As, however, a limited partnership whose general partner is a GmbH, which manages the business of the limited partnership, is by virtue of legal form subject to trade tax, additional structures are used to minimise trade tax liability. In particular, if a German tax-resident acquisition vehicle derives income from trade or business solely because of its legal form, but in fact generates no income other than rental income from its property, trade tax may – depending on the configuration of the lease – not apply.
It is expected that the significance of civil law partnerships will generally decrease for structuring investments in real estate by several investors (see Section V.v). It will, however, likely remain important for family offices and similar privately organised groups.
Since the civil law partnership is generally not registered in any public register, the partners can currently only be identified from the GbR constitutional documents and through the partnership's authorised representatives – unless the GbR, including its partners and the natural persons benefitting from the GbR, have to be registered in the 2017 newly established transparency register. The GbR and its partners are also registered in the land register (see Section I.ii). A new law, which will enter into force in 2024, will provide for the option of registration for a partnership in a newly created public register; for real estate acquisitions by a partnership, the registration will be mandatory.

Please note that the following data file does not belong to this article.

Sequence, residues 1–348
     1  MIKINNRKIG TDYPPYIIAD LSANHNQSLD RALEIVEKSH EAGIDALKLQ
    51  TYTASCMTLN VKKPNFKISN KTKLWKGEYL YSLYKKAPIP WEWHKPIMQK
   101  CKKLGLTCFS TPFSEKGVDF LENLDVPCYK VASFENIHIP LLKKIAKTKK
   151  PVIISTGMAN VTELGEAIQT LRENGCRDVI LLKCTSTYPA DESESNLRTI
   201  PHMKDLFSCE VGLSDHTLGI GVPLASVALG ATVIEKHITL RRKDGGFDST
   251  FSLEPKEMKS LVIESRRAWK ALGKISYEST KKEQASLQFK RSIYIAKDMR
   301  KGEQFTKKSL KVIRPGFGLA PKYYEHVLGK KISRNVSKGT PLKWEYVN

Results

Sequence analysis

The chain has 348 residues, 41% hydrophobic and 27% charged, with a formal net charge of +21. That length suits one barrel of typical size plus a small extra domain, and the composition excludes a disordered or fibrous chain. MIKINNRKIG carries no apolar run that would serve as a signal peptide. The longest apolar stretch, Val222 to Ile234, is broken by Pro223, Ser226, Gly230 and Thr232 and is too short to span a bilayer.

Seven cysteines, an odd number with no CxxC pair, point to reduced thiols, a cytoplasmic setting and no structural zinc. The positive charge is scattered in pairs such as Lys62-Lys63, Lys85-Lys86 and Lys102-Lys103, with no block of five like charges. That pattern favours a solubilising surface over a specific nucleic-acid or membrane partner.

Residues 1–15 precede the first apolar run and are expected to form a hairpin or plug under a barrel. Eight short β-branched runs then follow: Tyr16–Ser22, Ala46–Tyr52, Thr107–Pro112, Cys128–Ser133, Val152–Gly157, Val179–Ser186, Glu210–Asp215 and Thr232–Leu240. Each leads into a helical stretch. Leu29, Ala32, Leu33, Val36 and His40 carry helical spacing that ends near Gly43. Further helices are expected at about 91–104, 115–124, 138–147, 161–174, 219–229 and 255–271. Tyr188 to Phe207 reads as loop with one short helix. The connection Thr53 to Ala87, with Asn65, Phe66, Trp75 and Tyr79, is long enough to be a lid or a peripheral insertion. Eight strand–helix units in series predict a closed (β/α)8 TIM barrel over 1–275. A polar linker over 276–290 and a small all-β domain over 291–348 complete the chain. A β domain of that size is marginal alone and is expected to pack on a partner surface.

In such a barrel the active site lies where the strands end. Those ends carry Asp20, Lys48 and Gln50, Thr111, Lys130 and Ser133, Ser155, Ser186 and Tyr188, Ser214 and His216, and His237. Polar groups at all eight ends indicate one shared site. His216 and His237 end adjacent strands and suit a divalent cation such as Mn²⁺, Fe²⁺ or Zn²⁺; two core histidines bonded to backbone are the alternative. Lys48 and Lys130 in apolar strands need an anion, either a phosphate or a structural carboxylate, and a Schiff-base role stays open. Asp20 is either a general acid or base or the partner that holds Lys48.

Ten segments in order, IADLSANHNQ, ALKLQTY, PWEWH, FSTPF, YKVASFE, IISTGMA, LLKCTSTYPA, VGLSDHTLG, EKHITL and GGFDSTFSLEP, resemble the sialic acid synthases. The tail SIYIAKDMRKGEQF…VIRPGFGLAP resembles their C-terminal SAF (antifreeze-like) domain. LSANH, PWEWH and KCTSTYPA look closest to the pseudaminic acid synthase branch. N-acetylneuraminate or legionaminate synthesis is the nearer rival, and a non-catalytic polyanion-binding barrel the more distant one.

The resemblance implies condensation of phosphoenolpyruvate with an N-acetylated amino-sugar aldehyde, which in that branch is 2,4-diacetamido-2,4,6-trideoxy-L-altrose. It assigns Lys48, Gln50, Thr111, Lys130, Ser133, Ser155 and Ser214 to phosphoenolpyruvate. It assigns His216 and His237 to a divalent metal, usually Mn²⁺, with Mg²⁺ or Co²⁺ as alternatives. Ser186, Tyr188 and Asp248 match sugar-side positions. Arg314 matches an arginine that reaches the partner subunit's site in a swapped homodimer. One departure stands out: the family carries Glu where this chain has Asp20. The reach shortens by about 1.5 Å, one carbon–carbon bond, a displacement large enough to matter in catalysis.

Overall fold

Real estate ownership
The legal framework for planning and zoning is essentially set out in the Federal Building Act, the Federal Building Use Regulation and building regulations of the federal states.
Planning and zoning are usually based on a large-scale regional plan for the use of land, which the competent municipality then specifies authoritatively and in greater detail for particular areas in land-use plans. The planning process involves extensive consultation with other authorities, particularly on environment, safety, water, nature or monument conservation, and participation by the general public. The land-use plans regularly restrict development and use. Municipalities also enjoy some statutory pre-emptive rights applicable to the sale of land that they can exercise to protect, inter alia, certain planning requirements (see Section VII.v).
Individual building projects as well as changes of use generally require a building permit stating whether they are in accordance with planning law and building regulations.
Under public law, if soil or groundwater contamination presents a danger, significant detriment or disturbance to individuals or the public, the competent authority may issue an order for decontamination, remediation, investigation or monitoring addressed to the current owner of a property, any previous owner thereof, any party who is responsible under corporate or commercial law for the owner, any party holding actual possession of the property or the party actually responsible for the contamination or the polluter's universal successor. Usually, the authorities will select the party that it can most effectively hold responsible to undertake the necessary measures, which is normally the present owner or – in particular for industrial or business premises – tenant. Along with public law liability, there is private law liability for clean-up or damages with regard to neighbours or other third parties.